Outdoors

ACE 1 stove cooks and charges with solar-assisted biomass heat

ACE 1 stove cooks and charges ...
The ACE 1 can use all types of biomass fuels, giving it versatility that other stoves lack
The ACE 1 can use all types of biomass fuels, giving it versatility that other stoves lack
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The ACE 1 uses fanned fire to provide smoke-free cooking
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The ACE 1 uses fanned fire to provide smoke-free cooking
The ACE 1 comes in several colors
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The ACE 1 comes in several colors
The ACE 1 comes in several colors
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The ACE 1 comes in several colors
The ACE 1 is a powerful, portable stove that's useful for all kinds of outdoor cooking
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The ACE 1 is a powerful, portable stove that's useful for all kinds of outdoor cooking
The ACE 1 can be used as a camping stove
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The ACE 1 can be used as a camping stove
The ACE 1 was designed for use in regions where smoke is a serious health problem
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The ACE 1 was designed for use in regions where smoke is a serious health problem
The ACE 1 was designed for use in regions where smoke is a serious health problem
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The ACE 1 was designed for use in regions where smoke is a serious health problem
The ACE 1 at work
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The ACE 1 at work
African Clean Energy has set up manufacturing in Lesotho and distributes its stoves in various African countries
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African Clean Energy has set up manufacturing in Lesotho and distributes its stoves in various African countries
Not only does the ACE 1 offer efficient cooking, it charges electronics with its integrated battery
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Not only does the ACE 1 offer efficient cooking, it charges electronics with its integrated battery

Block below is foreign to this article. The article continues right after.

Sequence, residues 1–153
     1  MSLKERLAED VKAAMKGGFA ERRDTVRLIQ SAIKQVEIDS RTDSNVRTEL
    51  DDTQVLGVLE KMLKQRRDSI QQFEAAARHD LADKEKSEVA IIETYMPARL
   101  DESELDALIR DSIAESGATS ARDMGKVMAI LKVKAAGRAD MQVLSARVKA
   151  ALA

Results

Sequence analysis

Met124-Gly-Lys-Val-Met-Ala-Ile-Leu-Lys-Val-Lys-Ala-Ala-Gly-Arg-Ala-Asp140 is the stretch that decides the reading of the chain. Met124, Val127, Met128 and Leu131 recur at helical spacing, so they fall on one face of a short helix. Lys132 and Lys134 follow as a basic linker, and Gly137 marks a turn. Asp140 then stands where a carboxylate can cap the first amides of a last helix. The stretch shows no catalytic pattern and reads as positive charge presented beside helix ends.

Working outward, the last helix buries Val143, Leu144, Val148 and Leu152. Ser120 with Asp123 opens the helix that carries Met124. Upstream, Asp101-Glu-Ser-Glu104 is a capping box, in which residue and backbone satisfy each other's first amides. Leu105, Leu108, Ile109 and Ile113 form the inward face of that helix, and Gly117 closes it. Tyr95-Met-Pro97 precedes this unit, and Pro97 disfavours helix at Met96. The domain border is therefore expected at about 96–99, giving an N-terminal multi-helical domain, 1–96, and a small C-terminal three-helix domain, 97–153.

The ACE 1's battery can be used to power handy accessories, including an LED light
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The ACE 1's battery can be used to power handy accessories, including an LED light
The ACE 1 reaches temperatures of more than 1,800 F within a few minutes of turning its fan on
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The ACE 1 reaches temperatures of more than 1,800 F within a few minutes of turning its fan on
The ACE 1 can use all types of biomass fuels, giving it versatility that other stoves lack
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The ACE 1 can use all types of biomass fuels, giving it versatility that other stoves lack
The ACE 1 was designed as an alternative to dangerous open-fire cooking
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The ACE 1 was designed as an alternative to dangerous open-fire cooking
The ACE 1 is positioned as a safer alternative to open-fire cooking
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The ACE 1 is positioned as a safer alternative to open-fire cooking
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The ACE 1 stove from African Clean Energy combines elements of solar and biomass power to offer an eco-friendly cooking solution that also charges electronic devices. The stove is a cooking/charging solution for connected campers, developing nations and remote, off-grid dwellers.

We've seen fan-assisted biomass stoves like the VitalGrill, and we've seen gadget-charging stoves from BioLite and Point Source Power. We've also covered solar cookers like the GoSun Stove and Solar Kettle. The ACE 1 combines elements of all those devices into a unique set-up.

The ACE 1 is essentially a solar-backed, fan-assisted biomass stove. In place of the replaceable batteries required for the VitalGrill, the ACE 1 uses a rechargeable 5 Ah lithium-iron phosphate battery. It can be charged via the grid, but more useful to campers and other off-grid users is charging via the 5 W solar panel, which offers an estimated three hours of cook time per one hour of charging. When full, the battery provides up to around 20 hours of cooking.

Not only does the ACE 1 offer efficient cooking, it charges electronics with its integrated battery
Not only does the ACE 1 offer efficient cooking, it charges electronics with its integrated battery

The stove starts off with fire created by any type of biomass – sticks, corn cobs, even cow dung – and uses the fan to quite literally fan the flames, accelerating heat generation to a whopping 1,832° F (1,000° C) in about two minutes. It provides up to 5 kW of output and burns fuel efficiently and cleanly, offering smokeless cooking that requires much less fuel than other stoves, according to African Clean Energy. The company claims that it offers close to 100 percent combustion, leaving just a spoonful of ash behind. The cook controls the output via a knob.